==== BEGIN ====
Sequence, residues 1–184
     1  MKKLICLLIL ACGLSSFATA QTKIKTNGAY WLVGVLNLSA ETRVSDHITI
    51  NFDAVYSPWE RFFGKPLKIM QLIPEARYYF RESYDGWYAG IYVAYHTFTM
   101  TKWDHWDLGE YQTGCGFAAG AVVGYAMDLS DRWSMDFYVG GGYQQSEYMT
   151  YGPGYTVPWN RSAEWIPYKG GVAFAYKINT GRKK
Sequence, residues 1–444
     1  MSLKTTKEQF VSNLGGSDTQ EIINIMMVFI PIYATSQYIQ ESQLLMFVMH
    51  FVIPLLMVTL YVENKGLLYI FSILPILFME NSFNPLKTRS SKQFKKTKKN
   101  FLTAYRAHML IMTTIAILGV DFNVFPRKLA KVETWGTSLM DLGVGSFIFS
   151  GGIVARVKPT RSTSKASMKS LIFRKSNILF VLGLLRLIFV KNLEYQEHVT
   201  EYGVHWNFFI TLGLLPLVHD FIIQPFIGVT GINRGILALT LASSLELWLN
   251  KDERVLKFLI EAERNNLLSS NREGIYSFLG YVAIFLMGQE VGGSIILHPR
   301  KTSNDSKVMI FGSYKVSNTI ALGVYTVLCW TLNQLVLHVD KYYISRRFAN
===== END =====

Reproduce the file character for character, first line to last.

Sequence, residues 1–184
     1  MKKLICLLIL ACGLSSFATA QTKIKTNGAY WLVGVLNLSA ETRVSDHITI
    51  NFDAVYSPWE RFFGKPLKIM QLIPEARYYF RESYDGWYAG IYVAYHTFTM
   101  TKWDHWDLGE YQTGCGFAAG AVVGYAMDLS DRWSMDFYVG GGYQQSEYMT
   151  YGPGYTVPWN RSAEWIPYKG GVAFAYKINT GRKK
Sequence, residues 1–444
     1  MSLKTTKEQF VSNLGGSDTQ EIINIMMVFI PIYATSQYIQ ESQLLMFVMH
    51  FVIPLLMVTL YVENKGLLYI FSILPILFME NSFNPLKTRS SKQFKKTKKN
   101  FLTAYRAHML IMTTIAILGV DFNVFPRKLA KVETWGTSLM DLGVGSFIFS
   151  GGIVARVKPT RSTSKASMKS LIFRKSNILF VLGLLRLIFV KNLEYQEHVT
   201  EYGVHWNFFI TLGLLPLVHD FIIQPFIGVT GINRGILALT LASSLELWLN
   251  KDERVLKFLI EAERNNLLSS NREGIYSFLG YVAIFLMGQE VGGSIILHPR
   301  KTSNDSKVMI FGSYKVSNTI ALGVYTVLCW TLNQLVLHVD KYYISRRFAN